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  #1  
Old 14-06-08, 13:31
Mike Kelly's Avatar
Mike Kelly Mike Kelly is offline
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Default High school memories

My old high school headmaster has returned to haunt me....Frank Farmer. He used to mention to us at morning assemblies, remarks of his POW days ..He survived a ship sinking .. the ship was taking a load of POWs to Japan and it was torpedoed by a US sub.. At the op shop yesterday, I found him detailed in a book called 'Return from the River Kwai' .. Amazing . He was incredibly lucky to have survived .. only a handfull made it onto rafts . He was a slave on the Thai railway .


He was a strange man.. he would come into a class , just barge in unanounced and pick some kid out and slap the kid across the face .. I witnessed this myself .. he hit a girl in my class .


He had snowy white hair ... about 60 .


Mike
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  #2  
Old 14-06-08, 14:19
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Geoff Winnington-Ball (RIP) Geoff Winnington-Ball (RIP) is offline
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Ah, the good ol' days... mine were from '65-'71 here in Toronto. My English master doubled as the cadet battalion (we paraded 500 on average) Bren Gun instructor and also happened to be an English tank commander captured in Normandy. He had some pretty amazing tales when you could get him sidetracked, but what I remember most was both the classroom and field instruction for his ignorant, fledgling Bren teams (we had six in total). He was the same guy who appointed me Battalion Armourer & Range Officer for my last year at the college... I had to range qualify all 500 of my mates and had the only other key to the armoury, which held six Brens, a dozen No.7 Rifles, about 150 No.4 Rifles (including two complete sniper equipments), 10 C1A1s, about a dozen C1 SMGs and several hundred training rifles. Between chasing women and spending my time in the armoury and on the range, I'm surprised I even passed that year...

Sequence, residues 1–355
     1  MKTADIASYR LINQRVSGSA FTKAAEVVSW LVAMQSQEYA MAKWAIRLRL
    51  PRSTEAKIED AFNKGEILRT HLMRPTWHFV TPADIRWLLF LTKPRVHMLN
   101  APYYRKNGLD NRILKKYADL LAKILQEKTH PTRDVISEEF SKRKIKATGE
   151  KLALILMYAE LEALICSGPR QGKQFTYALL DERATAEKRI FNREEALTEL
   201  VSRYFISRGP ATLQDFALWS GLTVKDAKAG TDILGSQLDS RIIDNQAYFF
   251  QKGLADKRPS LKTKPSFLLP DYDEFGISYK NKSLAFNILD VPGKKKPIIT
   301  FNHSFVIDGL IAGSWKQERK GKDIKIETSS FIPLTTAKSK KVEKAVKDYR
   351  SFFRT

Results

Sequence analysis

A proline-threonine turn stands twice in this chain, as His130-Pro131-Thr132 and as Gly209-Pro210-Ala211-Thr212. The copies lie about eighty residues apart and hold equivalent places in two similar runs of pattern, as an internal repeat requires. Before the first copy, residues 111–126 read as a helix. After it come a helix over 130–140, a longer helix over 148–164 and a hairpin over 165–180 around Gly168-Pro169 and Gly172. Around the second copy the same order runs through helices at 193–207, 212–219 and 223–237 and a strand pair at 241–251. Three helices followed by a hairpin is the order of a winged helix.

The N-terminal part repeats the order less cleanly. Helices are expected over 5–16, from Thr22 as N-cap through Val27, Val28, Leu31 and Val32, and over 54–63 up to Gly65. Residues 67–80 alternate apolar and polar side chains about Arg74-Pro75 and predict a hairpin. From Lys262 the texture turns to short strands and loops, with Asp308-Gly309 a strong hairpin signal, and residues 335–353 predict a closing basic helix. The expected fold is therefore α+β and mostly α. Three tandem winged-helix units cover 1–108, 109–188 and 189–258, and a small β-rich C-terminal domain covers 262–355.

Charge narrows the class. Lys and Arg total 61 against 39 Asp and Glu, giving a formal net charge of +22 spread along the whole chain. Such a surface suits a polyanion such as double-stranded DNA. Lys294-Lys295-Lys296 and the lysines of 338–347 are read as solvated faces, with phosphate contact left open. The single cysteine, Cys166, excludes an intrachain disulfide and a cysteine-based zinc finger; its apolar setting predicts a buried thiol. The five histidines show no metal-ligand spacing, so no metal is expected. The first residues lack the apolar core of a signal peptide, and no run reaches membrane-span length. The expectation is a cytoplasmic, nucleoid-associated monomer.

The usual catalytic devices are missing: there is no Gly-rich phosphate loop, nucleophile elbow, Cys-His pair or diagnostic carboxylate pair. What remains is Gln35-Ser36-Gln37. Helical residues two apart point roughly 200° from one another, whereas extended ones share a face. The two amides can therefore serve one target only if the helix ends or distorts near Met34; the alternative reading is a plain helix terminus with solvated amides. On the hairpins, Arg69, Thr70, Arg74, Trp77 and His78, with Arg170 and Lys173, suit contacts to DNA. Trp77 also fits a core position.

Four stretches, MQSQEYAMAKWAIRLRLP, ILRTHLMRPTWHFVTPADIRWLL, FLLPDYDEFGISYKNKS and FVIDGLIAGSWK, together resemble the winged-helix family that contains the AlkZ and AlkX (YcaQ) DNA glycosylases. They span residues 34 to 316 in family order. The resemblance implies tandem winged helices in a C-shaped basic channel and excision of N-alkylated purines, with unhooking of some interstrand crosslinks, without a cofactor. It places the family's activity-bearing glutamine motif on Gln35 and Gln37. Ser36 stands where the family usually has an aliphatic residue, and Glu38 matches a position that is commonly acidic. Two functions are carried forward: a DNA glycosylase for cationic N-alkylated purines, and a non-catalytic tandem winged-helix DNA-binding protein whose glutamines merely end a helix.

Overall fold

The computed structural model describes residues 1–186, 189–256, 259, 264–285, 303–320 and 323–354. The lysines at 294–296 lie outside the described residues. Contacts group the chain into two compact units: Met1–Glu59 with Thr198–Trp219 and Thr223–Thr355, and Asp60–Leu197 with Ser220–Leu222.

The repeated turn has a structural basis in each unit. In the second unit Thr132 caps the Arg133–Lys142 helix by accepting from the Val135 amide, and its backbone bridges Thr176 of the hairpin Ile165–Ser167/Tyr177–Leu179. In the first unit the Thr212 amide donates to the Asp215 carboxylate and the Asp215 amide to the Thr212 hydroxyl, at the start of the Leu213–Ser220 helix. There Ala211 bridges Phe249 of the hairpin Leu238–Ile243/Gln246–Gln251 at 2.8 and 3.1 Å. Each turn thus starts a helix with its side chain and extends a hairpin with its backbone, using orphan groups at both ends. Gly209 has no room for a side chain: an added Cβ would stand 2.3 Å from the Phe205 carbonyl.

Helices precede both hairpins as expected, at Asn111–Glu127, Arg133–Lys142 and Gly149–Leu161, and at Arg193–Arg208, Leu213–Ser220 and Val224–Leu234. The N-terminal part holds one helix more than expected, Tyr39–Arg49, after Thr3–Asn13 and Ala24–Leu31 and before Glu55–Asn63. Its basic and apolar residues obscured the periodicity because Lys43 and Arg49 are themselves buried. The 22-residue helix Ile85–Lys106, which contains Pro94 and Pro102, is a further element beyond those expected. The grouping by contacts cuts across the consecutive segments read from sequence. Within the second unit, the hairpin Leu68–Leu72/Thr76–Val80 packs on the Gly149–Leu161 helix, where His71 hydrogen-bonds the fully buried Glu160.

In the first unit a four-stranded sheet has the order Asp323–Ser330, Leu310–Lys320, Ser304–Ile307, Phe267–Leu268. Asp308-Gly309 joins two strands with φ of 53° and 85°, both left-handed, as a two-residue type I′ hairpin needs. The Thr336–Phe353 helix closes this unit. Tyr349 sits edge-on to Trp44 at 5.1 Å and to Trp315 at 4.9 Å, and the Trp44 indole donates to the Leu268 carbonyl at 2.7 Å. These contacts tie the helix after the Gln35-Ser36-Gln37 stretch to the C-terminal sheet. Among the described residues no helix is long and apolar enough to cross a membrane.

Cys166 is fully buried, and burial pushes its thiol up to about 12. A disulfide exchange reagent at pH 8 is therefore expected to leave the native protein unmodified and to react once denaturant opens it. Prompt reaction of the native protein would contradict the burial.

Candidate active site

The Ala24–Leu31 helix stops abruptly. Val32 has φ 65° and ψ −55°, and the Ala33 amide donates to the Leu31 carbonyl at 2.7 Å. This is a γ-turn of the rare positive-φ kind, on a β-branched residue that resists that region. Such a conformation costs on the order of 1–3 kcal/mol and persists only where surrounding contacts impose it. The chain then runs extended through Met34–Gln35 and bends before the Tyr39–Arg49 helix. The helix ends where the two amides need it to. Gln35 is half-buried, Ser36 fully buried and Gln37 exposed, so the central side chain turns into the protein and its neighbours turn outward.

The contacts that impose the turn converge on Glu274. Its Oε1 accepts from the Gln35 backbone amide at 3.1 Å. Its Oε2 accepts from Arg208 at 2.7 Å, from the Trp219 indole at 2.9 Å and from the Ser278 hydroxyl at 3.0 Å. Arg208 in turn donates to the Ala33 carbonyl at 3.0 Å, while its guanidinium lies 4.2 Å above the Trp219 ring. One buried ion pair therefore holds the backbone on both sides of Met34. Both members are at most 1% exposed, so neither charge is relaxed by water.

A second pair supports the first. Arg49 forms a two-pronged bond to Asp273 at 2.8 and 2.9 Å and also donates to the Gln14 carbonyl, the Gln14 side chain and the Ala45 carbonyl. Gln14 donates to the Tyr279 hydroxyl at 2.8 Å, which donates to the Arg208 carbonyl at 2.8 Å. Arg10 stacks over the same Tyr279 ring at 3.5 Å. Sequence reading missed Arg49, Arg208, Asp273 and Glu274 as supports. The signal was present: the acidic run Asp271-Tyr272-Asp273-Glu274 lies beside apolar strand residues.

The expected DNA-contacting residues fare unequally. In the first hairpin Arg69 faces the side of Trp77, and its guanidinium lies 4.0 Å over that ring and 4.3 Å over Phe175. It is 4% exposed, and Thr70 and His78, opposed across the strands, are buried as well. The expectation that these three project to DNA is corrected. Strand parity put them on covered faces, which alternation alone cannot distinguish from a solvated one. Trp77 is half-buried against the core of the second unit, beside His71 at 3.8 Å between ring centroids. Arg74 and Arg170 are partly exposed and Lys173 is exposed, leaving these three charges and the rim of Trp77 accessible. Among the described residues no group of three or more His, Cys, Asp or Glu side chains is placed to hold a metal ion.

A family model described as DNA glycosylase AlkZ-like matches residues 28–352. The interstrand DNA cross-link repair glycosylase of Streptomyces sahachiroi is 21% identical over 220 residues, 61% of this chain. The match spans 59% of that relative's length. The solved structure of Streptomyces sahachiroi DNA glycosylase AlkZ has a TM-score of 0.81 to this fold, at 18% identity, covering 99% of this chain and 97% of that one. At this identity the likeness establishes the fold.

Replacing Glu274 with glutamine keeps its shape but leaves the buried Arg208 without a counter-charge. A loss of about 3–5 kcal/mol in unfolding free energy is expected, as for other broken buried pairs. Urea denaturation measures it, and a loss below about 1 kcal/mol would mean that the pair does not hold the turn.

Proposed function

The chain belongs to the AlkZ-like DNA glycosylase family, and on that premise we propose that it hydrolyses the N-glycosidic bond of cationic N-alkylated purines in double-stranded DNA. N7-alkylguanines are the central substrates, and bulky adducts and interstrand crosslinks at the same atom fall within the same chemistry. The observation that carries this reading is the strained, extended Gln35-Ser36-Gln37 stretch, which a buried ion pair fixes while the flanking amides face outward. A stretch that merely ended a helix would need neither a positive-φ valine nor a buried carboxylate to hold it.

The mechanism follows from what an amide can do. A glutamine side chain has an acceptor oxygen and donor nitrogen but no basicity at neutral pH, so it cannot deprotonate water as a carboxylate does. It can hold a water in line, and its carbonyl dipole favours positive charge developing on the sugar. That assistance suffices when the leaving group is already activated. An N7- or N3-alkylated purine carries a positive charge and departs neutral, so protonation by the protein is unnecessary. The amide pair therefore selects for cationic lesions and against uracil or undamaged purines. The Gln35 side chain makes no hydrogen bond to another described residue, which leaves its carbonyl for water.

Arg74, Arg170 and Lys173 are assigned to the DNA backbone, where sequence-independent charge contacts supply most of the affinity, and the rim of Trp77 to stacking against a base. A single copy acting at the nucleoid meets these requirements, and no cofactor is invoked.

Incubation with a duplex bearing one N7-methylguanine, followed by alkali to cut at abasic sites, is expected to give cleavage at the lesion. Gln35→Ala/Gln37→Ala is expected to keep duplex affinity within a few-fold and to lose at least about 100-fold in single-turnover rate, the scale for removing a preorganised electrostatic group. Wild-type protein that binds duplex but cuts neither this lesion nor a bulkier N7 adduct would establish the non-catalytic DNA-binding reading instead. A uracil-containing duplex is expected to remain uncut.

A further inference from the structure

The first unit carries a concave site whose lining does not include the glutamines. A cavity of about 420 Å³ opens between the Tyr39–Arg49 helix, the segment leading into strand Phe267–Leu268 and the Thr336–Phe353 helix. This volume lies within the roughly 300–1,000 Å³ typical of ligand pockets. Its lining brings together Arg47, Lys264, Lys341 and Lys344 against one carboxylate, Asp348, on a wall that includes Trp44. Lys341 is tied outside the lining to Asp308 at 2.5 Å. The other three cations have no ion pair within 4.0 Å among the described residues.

Our Latin master/rugger instructor was a British Royal Marine who was involved in the U.S. Marines' retreat from the Chosin Reservoir in Korea - a short, jovial, fireplug-type who had a biting wit which hid the fact that he had an underlying mean streak a mile wide - the phrase "cheerful penchant for violence" seems to apply here. I idolised him.

There was another chap in the infantry who lost a leg late in the war but that never stopped him, although he didn't teach, just did admin at the school. Our PT master was another Royal Marine, again barrel-chested and bound and determined to make you do what he wanted.

There were more as well, although those three are the ones I remember best.